Ireland-based power management group Eaton is launching a new service that allows data centres to sell ‘spare’ UPS energy back to the market to support power grids in frequency containment reserve (FCR).
Eaton said its ‘UPS-as-a-Reserve’ energy service (UPSaaR), developed in collaboration with Finnish energy group Fortum, is designed “to respond to industry needs to maximise potential gains from data centre investments, as well as the opportunities from helping energy providers balance sustainable energy demands”.
Data centre operators can use the service to “momentarily reduce” their power demands and return power to the grid, Eaton said. “A data centre could expect to raise up to EUR50,000 ($59,000) per megawatt of power allocated to grid support per year.”
Eaton said “extensive testing” of the service “has proven that the UPS can work as part of a virtual power plant to enable data centres to take part in the high-value FCR and demand-side market”.
“The UPS, which uses stored power in the event of a power failure, can be used to regulate demand from the grid, as well as for up and down stream charging, essentially to discharge the battery back to the grid,” Eaton said.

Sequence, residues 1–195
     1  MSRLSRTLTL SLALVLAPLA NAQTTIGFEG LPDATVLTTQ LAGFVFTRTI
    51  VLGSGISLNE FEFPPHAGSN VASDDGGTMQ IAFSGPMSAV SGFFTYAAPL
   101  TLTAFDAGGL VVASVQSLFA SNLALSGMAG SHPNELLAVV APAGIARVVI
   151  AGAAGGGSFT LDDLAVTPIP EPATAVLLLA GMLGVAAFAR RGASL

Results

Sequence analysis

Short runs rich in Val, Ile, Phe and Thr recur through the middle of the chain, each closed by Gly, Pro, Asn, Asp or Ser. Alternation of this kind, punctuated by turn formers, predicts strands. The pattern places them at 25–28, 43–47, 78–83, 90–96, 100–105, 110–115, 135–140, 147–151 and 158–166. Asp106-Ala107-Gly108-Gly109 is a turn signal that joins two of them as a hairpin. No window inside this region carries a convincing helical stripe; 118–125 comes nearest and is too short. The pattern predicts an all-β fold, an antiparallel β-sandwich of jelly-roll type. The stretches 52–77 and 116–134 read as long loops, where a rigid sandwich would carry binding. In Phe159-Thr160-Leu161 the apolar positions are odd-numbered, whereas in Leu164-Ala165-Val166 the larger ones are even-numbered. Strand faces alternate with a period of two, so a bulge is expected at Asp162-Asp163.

“Data centre operators can then support the grid in frequency regulation, generating additional revenue to offset the total cost of ownership of the UPS or as part of making the data centre more competitive on price.”
According to Eaton, the company’s research among data centre leaders in Europe indicated 55% of respondents would consider the idea of “selling spare energy from their power systems back to the market”.
UPSaaR— initially offered on the company’s Eaton 93PM and Power Xpert 9395P UPS models across markets in Europe, the Middle East and Africa (EMEA)— “will be aggregator neutral” so organisations can choose to work with their preferred energy supplier, Eaton said. “The UPS’s primary load protection functionality is unaffected by the service.”
Eaton’s power quality technology manager for the EMEA region Janne Paananen, said: “This turns supply and demand on its head. Instead of just demanding power, data centres can support the grid and be compensated for it. The data centre industry has been moving away from focusing solely on energy and cost savings over the last five years and it now more about making investments pay for themselves. Data centre professionals can create a revenue generation strategy around assets that they already have, such as the UPS.”